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Review: I Decided.

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via Henncredibly Dope

I Decided. (2017)

Big Sean

Rap / Hip-Hop

GOOD Music / Def Jam


When you stack up Big Sean’s I Decided. against his previous albums like Hall of Fame and his debut Finally Famous, it is quite clear that the Detroit-based rapper has taken a more introspective turn in his career.  Songs like “Dance (A$$)” and “Guap” are a thing of the past compared to his more recent offerings.  Dark Sky Paradise was a good indication of this change, mixing fun and more lighthearted party rap with deeper, reflective tracks.  I Decided., Big Sean’s fourth studio album, is not unlike what other rappers have been doing lately, but it still is Big Sean’s best work yet.

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via Dancehall Hip-Hop

Things get rolling, theme-wised, in the album’s intro track.  Big Sean’s older self, voiced by actor J.R. Starr gets hit by a car and dies.  He is then reincarnated as his present self in another life.  The whole album serves as a reflection on Sean’s life, with his older self is giving him advice and wisdom every step of the way.  It is a cool theme, but one that is underused.  The intro track came and went but I was only reminded of the theme later in the album on “Halfway Off the Balcony.”  I Decided. has a clear and consistent message throughout, but I would have liked the bits with J.R. Starr to be sprinkled a little more throughout.

“Bounce Back,” the most popular song from the album, also happens to be one of the highlights from the project.  It is an upbeat banger about bouncing back after taking an “L”.  Big Sean has some great flow on the track, similar in style to the flow found on Drake’s song “6 Man.”  Next on the track list is “No Favors,” a controversial collaboration with everyone’s favorite rabble-rouser Eminem.  Produced by WondaGurl, the song marks the first time Eminem has appeared on a Big Sean’s album.  Big Sean’s verse is great, but the biggest take-away is Eminem’s verse, where he makes a bunch of verbal jabs, including a threat against Ann Coulter.  Whether he meant it or not (he probably did not), people are still taking some offense.  This is not the first time Eminem has said something controversial.  He is the king of controversy of course.  It should not be a surprise to anyone.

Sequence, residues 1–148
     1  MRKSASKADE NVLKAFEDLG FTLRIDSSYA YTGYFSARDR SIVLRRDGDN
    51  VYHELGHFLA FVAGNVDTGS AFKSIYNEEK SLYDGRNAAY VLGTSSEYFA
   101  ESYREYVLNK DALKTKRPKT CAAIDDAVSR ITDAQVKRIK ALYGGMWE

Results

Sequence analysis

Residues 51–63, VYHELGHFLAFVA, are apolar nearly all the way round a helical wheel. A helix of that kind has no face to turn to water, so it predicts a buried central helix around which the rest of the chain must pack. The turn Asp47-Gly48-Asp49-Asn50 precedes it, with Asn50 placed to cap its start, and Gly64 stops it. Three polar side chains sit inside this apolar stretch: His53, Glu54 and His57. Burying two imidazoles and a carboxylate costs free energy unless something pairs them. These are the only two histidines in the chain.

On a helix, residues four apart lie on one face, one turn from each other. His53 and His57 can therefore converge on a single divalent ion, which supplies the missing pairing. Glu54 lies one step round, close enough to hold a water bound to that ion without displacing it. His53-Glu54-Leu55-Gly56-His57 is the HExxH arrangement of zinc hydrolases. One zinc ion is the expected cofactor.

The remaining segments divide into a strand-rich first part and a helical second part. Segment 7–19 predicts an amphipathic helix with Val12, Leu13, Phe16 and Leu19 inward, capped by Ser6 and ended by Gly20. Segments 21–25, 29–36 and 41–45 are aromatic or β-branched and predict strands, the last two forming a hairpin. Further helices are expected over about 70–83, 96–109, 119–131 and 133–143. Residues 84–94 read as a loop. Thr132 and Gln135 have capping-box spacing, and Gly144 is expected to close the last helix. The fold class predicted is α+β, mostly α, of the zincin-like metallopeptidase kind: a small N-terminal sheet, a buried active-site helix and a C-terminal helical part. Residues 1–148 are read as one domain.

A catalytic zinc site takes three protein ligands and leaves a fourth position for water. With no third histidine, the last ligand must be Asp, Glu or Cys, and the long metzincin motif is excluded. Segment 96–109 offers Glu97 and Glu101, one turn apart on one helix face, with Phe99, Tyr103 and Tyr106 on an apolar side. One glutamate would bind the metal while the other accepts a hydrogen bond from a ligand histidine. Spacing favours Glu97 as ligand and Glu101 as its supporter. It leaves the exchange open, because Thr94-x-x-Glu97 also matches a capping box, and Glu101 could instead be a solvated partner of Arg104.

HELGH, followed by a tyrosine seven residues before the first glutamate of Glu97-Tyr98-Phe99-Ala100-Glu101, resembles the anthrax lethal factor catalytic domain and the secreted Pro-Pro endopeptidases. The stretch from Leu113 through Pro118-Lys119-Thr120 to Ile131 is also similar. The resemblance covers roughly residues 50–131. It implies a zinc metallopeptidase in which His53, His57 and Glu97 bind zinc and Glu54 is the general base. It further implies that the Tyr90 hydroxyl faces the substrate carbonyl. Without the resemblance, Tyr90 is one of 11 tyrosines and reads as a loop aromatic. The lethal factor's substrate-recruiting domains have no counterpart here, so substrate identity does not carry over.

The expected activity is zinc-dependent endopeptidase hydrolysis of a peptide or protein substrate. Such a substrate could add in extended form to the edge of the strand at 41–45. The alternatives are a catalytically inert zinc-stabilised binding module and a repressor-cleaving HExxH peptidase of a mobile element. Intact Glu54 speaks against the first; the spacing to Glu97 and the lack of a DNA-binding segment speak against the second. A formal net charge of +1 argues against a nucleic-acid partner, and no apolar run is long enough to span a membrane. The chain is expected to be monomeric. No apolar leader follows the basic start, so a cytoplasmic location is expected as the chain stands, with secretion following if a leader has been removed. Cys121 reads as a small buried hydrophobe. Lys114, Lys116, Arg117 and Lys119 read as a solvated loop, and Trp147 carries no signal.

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via Saint Heron

These are not the only bangers that appear on the album.  “Voices in My Head/Stick to the Plan,” produced by Metro Boomin, is another great track with a double-edged sound.  In the song, Big Sean tells himself and his listeners to stay true to himself and to heed the advice of your elders.  Then things heat up and quicken as Metro steers the beat in a new direction with the second part, where Sean convinces himself to stay focused amid the endless distractions of drugs, money, and sex.  One of the more personal tracks, “Sunday Morning Jetpack,” is a song full of nostalgia and the struggles and how they made him the person he is today.  The song features The Dream, who gives a great hook over a breezy beat.  The song almost acts as an alternative “One Man Can Change the World,” one of the strongest offerings from Dark Sky Paradise.

Not every track is a slam dunk.  “Same Time Pt. 1,” featuring Big Sean’s lady friend Jhene Aiko, is an underwhelming ballad that features a less-than-stellar verse from Aiko.  I was expecting a little more from the TWENTY88 duo.  There is also “Inspire Me,” which is a cliché and sappy tribute to Sean’s mother and the role she has played in the rapper’s life.  It is sweet in concept but does not bring anything fresh to the table when compared to similar tracks from other rappers.

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via Stupid Dope

I Decided. is capped with “Bigger Than Me,” a booming track featuring Starrah and the Flint Chozen Choir.  Big Sean wraps up the album, going off about how he has made it to the top but still needs to improve as a person.  There are some great moments with the choir and a nice verse from Starrah.  The track ends with a phone call with Big Sean’s grandma, just like his previous albums.  A lot of I Decided. is predictable, but it is the culmination of Big Sean’s career in a good way.  Big Sean has matured as a rapper and a person and that is prevalent in almost every corner of his latest project.  There are bangers galore and reflection aplenty.  Big Sean fans will rejoice.